Utilization of whey as a substrate for lactic acid producion by lactobacillus cells using immobilization techniqueAuthor(s): R.C.Dev Goswami, S.Dulakakhoria, A.K.Dolui, E.Malakar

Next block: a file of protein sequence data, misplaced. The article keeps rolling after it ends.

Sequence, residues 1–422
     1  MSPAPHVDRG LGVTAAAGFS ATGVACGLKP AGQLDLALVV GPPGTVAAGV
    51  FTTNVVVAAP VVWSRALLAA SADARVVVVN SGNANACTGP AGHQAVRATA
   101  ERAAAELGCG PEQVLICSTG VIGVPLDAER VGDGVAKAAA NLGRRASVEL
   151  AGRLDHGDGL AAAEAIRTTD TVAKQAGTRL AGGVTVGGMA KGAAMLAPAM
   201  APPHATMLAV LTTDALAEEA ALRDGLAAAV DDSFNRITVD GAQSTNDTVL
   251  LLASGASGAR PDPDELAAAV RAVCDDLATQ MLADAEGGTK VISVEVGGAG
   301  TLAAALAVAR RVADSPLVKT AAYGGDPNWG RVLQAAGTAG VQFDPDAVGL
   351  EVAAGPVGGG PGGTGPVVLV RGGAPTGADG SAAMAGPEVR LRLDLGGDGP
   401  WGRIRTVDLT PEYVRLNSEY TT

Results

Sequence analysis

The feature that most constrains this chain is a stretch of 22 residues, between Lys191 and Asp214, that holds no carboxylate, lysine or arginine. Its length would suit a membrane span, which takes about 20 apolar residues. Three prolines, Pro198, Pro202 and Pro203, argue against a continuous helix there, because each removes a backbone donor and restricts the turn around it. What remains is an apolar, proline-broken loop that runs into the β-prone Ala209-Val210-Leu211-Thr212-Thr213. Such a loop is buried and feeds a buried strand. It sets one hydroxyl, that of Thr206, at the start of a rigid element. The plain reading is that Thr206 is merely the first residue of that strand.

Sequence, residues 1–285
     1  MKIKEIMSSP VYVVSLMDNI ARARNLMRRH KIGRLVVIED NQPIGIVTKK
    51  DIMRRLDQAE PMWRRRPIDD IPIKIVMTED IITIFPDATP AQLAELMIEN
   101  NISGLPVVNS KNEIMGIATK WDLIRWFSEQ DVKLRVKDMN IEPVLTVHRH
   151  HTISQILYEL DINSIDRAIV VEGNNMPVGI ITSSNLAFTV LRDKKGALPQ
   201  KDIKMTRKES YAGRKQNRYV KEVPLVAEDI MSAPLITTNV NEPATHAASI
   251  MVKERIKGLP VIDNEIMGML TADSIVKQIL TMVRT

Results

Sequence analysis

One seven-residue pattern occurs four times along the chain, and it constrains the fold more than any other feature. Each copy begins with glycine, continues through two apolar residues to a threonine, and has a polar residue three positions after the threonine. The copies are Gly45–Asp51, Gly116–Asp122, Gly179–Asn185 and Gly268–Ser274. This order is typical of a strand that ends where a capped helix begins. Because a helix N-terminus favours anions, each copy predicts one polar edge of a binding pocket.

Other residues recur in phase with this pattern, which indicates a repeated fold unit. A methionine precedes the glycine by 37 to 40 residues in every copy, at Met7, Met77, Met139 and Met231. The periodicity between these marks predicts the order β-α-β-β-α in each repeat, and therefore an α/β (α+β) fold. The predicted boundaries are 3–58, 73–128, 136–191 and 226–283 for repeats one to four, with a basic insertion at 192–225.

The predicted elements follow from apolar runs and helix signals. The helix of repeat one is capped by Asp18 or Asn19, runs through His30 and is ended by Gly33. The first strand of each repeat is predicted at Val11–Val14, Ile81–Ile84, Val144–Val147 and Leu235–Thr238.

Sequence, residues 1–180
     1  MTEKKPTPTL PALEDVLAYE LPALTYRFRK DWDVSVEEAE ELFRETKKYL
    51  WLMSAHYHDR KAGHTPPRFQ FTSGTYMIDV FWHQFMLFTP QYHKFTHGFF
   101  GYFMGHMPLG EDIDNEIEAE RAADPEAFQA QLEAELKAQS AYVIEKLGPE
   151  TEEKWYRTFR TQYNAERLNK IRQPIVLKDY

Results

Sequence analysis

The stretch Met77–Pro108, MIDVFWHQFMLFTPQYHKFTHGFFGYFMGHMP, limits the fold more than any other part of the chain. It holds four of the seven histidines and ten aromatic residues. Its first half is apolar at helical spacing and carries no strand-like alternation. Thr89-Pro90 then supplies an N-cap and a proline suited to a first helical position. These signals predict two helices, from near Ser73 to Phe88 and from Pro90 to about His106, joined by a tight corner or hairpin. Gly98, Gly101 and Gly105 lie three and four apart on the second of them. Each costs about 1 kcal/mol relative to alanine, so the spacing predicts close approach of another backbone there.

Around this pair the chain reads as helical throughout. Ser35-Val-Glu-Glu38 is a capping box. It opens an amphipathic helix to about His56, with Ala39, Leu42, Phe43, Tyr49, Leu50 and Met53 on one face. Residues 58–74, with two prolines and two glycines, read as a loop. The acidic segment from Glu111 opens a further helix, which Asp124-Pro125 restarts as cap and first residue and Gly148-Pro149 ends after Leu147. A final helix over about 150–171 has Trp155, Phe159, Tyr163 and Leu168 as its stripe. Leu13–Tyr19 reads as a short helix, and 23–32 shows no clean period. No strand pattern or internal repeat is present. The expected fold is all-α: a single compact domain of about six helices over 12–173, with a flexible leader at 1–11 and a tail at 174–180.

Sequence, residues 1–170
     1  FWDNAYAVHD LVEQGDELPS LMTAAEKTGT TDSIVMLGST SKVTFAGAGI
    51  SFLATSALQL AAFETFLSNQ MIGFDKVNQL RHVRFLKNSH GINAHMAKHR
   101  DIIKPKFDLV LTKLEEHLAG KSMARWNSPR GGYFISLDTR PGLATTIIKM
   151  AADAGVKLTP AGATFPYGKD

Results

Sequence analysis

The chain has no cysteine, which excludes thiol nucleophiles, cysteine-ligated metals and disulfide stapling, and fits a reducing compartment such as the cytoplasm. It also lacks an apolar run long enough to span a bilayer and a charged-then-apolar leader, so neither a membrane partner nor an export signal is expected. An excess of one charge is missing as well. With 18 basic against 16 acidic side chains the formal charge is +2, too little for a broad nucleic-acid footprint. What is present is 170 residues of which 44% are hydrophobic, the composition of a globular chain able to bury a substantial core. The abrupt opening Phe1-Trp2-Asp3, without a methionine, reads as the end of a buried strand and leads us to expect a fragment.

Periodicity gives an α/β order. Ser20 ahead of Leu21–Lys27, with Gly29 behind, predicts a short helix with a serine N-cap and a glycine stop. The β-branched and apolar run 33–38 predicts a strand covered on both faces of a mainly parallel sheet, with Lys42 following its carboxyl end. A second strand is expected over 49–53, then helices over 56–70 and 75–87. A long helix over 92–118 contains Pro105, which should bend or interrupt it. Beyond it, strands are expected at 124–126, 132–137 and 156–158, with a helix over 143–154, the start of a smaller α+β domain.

Whey is the liquid remaining after the separation ofmilk fat and casein from whole milk, its disposal, is a major problem for the dairy industry, which demands simple and economical solutions. The bioconversion of lactose present in whey to valuable products has been actively explored. Production of lactic acid through lactic acid bacteria could be a processing route for whey lactose and various attempts have been made in this direction. Immobilized cell technology has also been applied to whey fermentation processes, to improve the economics of the process. A fermentative means of lactic acid production has advantages over chemical synthesis, as desirable optically pure lactic acid could be produced, and the demand for optically pure lactic acid has increased considerably because of its use in the production of poly(lactic acid), a biodegradable polymer, and other industrial applications. In our experiment lactic acid production by immobilized Lactobacillus cells has been studied for that the cells were immobilized in alginate beads and the effect of variations in different parameters on product formation and productivity was investigated. Repeated batch fermentations were performed with lactobacillus cells (L. acidophilus) cells immobilized in 2.4-2.9 mm alginate beads to investigate the possibility of reusing the gel beads. The fermentation was carried out for 48 hours in four batches in normal mediumas well as whey medium.At the end of each run, the beads were washed with sterile physiological saline and transferred to freshmedium.Alginate immobilized cells were reused successfully for 3 continuous runs without marked activity loss. The highest lactic acid (31.605 g/l) was obtained using whey as substrate in the third run.